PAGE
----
“We know it won’t turn back time or stop the stray bullets that shattered lives, but we hope it will help to end racism,” Bishop Battersby said of the USCCB pastoral letter against racism and the resulting programs across the country.
“We must raise awareness of the racism in each of us in order to confront and repair it. And we must remember that every one of us is made in the image and likeness of God. I hope that through listening sessions like this we will hear from people and help them wonder if they’re part of the problem. We hope these sessions will be part of the institutional decision of all dioceses to deal with racism. And I pray this will begin or be a continuation of a healing process,” he added.
Those sharing their personal stories during the listening session were Nahtia Stribling, an African-American young adult from St. Agnes/Our Lady of Fatima Parish in Cleveland; Rose Shinchung of the Asian community and a St. Andrew Kim (Korean) Parish; Father Bob Marva, OFM Cap, pastor, St. Agnes/Our Lady of Fatima; Fernando Hernandez, Hispanic community and parishioner at La Sagrada Familia; and Sister Juanita Shealey, CSJ, African-American community, St. Adalbert Parish, Cleveland.
During her emotional presentation, Stribling shared how she felt unwelcome in certain places – both public and in churches, with some questioning if she was even Catholic. She also wondered why African-Americans are not part of the planning process for large diocesan events.
“It’s time for a change. Worship, praise and be engaged with people who don’t look like you,” she told the group. “Make an effort to greet those you don’t know wholeheartedly. Change starts today and it starts with you as a Catholic community. Open your hearts and minds,” she said, adding that racism is a sin.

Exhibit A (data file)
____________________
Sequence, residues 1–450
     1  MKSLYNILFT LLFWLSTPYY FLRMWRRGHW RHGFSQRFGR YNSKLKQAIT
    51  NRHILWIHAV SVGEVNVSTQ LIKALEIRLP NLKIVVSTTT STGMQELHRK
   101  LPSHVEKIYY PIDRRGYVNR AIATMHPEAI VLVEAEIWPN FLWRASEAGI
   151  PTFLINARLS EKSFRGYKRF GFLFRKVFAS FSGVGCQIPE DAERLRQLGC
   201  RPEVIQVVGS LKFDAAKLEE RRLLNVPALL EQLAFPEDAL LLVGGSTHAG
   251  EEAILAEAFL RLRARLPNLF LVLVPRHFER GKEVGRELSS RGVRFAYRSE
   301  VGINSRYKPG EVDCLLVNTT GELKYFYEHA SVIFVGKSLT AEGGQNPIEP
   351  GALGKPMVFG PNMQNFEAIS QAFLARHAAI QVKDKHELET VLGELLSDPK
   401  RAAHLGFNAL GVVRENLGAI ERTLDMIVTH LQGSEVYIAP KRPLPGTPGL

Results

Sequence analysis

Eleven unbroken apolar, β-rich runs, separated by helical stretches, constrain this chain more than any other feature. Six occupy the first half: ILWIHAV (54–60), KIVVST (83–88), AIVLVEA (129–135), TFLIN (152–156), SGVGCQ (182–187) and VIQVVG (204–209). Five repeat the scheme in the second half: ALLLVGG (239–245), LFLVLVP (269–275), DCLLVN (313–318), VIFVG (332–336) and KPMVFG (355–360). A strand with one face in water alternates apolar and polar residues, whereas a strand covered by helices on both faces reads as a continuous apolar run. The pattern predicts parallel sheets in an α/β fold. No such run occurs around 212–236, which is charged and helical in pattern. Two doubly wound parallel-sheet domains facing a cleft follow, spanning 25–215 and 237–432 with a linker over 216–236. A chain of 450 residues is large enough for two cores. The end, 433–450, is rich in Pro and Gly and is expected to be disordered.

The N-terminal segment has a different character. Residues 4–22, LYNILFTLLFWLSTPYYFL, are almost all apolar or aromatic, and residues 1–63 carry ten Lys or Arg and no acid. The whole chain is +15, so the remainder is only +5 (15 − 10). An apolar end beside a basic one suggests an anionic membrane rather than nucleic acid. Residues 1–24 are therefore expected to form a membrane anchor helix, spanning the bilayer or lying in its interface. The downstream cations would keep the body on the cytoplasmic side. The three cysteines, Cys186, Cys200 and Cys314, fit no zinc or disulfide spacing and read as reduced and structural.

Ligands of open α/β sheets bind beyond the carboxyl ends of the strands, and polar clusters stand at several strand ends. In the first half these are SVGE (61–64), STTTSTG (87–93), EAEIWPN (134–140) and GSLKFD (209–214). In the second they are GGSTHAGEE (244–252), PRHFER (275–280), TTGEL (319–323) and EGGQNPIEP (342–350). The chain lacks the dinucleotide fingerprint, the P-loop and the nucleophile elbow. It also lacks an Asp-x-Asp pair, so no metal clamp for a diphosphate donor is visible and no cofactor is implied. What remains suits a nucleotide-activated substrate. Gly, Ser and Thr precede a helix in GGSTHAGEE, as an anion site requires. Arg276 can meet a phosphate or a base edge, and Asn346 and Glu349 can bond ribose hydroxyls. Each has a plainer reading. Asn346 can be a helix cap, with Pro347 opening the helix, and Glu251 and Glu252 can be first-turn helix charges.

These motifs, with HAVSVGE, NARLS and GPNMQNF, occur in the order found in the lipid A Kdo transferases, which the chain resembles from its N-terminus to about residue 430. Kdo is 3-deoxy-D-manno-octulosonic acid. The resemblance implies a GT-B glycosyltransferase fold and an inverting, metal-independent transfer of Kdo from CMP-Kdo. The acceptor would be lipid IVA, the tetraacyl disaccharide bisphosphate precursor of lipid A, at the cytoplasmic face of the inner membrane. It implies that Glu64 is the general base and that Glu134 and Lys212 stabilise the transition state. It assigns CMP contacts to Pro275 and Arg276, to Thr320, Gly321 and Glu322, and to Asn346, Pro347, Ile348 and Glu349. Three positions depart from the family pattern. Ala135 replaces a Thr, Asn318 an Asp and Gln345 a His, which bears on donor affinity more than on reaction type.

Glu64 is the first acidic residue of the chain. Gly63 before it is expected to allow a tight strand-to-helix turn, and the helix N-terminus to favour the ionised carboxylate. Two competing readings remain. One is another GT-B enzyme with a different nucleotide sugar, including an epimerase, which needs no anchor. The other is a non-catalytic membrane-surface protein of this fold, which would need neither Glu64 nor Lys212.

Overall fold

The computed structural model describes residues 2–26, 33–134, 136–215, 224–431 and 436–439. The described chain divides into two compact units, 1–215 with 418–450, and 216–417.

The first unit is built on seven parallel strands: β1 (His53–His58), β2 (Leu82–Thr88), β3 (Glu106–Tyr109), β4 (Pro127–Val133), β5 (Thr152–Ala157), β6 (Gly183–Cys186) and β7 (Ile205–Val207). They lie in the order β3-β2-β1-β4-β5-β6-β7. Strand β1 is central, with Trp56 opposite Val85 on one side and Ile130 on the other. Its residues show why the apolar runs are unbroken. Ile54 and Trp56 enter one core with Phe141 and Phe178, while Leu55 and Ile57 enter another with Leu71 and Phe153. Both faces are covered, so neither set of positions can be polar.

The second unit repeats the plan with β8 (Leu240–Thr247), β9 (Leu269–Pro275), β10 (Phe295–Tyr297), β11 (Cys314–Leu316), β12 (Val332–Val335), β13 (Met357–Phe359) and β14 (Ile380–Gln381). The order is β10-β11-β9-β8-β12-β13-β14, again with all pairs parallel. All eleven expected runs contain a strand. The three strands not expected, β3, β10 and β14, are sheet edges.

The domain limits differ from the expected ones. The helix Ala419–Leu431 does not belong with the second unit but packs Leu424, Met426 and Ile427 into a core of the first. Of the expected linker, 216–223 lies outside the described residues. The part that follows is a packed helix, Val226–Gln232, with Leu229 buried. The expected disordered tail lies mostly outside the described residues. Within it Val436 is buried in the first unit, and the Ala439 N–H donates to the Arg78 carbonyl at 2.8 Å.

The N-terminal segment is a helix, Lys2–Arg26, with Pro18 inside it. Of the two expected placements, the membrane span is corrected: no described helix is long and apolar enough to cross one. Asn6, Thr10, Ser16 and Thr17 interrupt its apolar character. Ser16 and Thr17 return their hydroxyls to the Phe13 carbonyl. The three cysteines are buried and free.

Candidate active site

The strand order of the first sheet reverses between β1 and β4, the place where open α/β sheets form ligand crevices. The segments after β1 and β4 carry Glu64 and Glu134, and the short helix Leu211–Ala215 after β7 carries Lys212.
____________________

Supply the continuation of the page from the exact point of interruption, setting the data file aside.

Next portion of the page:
“If we’re all called to be one in Christ, how can we turn a blind eye?” she asked.
Shinchung expressed similar feelings, noting that as a Korean, people had questioned if she was Catholic or Buddhist. “I am proud to be Korean and proud to be Catholic,” she said. Shinchung said she also felt blessed to be able to worship in a Korean parish in her native language.
But she also noted that she didn’t think she had exhibited racist behavior until she realized that she had questioned why some non-Koreans attended Mass at St. Andrew Kim. “I realize that was wrong. At American churches, I felt eyes looking at me and wondering if I am really Catholic. So I learned all the prayers in both English and Korean and I just sing and pray louder at American churches,” she said, drawing laughter from the gathering.
Hernandez, a native of Costa Rica, talked about the difficulty he encountered with language. He knew English but struggled with an accent. Even after becoming a teacher in the Cleveland public schools he said colleagues “made faces at my accent. I speak with an accent but I don’t think with an accent,” he quipped.
Hernandez also shared that at one parish some Spanish-speaking parishioners asked if they could have Mass celebrated in their language and they were told they could – in the cafeteria – not the church. Also, he recalled one time asking about doing a reading at Mass. “I was told the Spanish reading was taken,” he said, noting that he wasn’t considered for the English reading.